As you can see formal training takes a concrete path for employee learning. It is structured, timed, and has clear objectives. Informal training is quite the opposite. Here is the process for using informal training:

1. Define what it is in your organization

Although informal learning doesn’t follow a concrete plan, it doesn’t mean you can incorporate it into employee training. The first step is to figure out how your employees learn when not taking an assigned training course. For example, do they follow certain blogs? Do they watch webinars online? Or is it as simple as having lunch with a coworker to learn first-hand skills? An easy way to gather this information is to survey your employees about when and where they learn outside of structured training.

2. Store the information

Whether you have a corporate intranet or a more robust option like a learning management system, add in this informal learning. It could be as simple as a list of outside learning resources. Gather your employees’ favorite blogs, webinars, video, books and websites for learning and share these for everyone to utilize. Also, make sure you either add an admin tool function where employees can directly add new ideas or have a simple support email where employees can email suggestions to be added. That way, this becomes a collaborative company wide effort.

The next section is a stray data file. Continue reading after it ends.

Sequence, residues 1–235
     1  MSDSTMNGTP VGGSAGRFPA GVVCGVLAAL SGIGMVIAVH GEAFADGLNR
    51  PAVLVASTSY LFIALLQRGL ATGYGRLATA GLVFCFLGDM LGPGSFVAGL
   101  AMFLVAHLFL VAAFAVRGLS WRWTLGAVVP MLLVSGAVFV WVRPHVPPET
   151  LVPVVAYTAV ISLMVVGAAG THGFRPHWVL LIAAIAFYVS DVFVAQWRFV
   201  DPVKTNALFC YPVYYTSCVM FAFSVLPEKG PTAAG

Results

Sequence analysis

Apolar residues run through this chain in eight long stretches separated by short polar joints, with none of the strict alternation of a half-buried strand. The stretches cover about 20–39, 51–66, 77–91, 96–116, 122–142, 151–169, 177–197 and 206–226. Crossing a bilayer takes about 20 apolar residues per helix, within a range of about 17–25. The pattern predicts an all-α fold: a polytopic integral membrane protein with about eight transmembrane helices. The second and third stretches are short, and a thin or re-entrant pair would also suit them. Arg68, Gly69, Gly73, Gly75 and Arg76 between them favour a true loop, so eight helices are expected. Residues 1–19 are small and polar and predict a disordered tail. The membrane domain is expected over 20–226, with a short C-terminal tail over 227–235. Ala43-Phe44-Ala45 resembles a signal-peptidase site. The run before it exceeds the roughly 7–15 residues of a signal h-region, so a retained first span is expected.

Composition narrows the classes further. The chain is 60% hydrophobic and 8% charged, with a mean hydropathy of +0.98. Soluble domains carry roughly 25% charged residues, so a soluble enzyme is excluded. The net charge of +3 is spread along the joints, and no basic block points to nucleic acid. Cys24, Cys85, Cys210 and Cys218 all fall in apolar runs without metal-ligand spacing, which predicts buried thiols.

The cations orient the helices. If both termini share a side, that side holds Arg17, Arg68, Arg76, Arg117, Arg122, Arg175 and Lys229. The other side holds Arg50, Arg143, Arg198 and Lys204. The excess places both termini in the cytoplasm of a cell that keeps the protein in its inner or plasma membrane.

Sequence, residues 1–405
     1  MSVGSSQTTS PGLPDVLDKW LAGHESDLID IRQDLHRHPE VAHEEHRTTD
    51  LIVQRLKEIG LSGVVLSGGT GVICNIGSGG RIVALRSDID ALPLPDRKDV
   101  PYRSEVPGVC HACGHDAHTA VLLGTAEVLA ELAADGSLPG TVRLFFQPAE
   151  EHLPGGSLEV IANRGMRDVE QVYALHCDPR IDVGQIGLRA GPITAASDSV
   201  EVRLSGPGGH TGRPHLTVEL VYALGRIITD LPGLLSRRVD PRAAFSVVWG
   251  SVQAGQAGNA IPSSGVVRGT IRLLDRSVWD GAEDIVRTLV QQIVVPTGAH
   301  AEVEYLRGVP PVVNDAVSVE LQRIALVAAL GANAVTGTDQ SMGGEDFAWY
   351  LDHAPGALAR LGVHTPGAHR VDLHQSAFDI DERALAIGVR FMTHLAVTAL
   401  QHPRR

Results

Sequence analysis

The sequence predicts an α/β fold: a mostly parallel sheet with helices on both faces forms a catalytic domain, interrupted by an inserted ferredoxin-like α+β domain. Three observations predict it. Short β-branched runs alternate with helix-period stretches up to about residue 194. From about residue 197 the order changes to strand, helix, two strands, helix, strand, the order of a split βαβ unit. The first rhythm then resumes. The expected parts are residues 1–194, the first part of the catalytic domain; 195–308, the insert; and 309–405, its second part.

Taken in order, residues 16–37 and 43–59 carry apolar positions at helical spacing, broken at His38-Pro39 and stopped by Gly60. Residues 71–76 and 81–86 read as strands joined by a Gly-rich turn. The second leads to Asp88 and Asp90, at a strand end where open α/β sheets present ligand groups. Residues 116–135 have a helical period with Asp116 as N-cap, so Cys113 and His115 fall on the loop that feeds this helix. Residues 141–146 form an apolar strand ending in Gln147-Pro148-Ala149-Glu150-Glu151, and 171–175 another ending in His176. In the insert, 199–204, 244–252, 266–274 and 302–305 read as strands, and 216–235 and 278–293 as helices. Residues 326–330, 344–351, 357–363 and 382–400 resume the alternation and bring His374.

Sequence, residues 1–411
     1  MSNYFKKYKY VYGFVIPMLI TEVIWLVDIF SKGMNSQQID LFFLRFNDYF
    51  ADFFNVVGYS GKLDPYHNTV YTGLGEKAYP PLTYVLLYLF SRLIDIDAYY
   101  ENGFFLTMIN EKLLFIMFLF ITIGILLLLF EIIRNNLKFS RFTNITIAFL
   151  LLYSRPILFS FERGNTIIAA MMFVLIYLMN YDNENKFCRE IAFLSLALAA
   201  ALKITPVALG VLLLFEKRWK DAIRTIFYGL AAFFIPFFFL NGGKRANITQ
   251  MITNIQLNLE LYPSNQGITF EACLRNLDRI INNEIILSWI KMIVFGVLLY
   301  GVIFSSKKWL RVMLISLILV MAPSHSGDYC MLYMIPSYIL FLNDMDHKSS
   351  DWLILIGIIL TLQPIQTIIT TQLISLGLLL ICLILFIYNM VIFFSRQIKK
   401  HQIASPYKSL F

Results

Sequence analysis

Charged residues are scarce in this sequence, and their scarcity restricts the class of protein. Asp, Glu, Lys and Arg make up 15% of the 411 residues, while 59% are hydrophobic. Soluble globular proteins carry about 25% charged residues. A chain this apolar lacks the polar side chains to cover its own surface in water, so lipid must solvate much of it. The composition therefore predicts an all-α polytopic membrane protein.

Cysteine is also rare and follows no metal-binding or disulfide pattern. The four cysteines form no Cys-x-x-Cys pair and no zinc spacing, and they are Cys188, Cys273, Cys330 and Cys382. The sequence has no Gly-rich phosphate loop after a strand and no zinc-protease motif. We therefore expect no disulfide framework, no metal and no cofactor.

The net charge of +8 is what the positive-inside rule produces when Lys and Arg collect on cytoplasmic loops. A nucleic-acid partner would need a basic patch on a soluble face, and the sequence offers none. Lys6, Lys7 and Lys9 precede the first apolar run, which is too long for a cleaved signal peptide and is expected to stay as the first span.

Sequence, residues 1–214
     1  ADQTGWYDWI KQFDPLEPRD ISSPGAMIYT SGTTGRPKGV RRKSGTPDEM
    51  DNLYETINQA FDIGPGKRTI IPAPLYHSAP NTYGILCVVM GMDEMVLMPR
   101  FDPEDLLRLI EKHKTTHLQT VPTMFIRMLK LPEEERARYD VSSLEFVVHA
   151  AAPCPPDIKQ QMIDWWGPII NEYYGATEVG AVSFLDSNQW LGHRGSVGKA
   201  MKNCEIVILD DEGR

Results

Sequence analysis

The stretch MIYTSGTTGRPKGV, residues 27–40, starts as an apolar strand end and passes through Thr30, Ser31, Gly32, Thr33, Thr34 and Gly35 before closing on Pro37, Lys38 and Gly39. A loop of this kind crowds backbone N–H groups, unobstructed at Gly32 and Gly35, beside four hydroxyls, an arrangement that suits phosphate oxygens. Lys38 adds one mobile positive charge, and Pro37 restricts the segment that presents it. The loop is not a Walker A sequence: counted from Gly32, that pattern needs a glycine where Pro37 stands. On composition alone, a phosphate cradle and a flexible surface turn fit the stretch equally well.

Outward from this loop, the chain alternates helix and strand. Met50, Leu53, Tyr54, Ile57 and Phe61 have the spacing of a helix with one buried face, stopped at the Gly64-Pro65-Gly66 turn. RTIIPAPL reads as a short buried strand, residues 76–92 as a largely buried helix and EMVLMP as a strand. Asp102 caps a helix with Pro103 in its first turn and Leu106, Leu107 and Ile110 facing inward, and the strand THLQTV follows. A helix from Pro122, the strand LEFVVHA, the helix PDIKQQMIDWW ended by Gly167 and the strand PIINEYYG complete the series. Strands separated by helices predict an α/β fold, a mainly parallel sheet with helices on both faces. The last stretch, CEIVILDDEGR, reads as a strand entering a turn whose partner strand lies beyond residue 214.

3. Refine the resources

Once you have a fairly robust list, further categorize the resources. For example, someone that is a content writer most likely won’t care about a new programming language. On the flipside, an article about corporate communication is great for the entire company to read. So create categories around key topics or job functions. That way, it’s easy for employees to click on the links that pertain most to their jobs. 

4. Tie it into your formal learning

Employees want to be empowered both on the job and in their training. A great way to get reluctant learners on board is by linking your learning management system or training portal to your informal learning page. For example, maybe an employee adds a great blog article about call center tips to help fellow customer service team members. Well chances are you have a few upcoming training modules related to customer service training. Simply add a line below that blog article link that says something like, “for more great call center tips, look forward to these upcoming training modules” and link directly to where those training sessions can be located. 

5. Learn from your employees

After you have a fairly healthy list of resources, take a look at what has been added and in what categories. For example, are there several legal links with your lawyers on staff accessing these often? Or are there quite a few YouTube videos posted onboarding exercises? Look for patterns of what may be lacking in your formal training. You may need to create additional training modules based on the informal learning feedback you are receiving.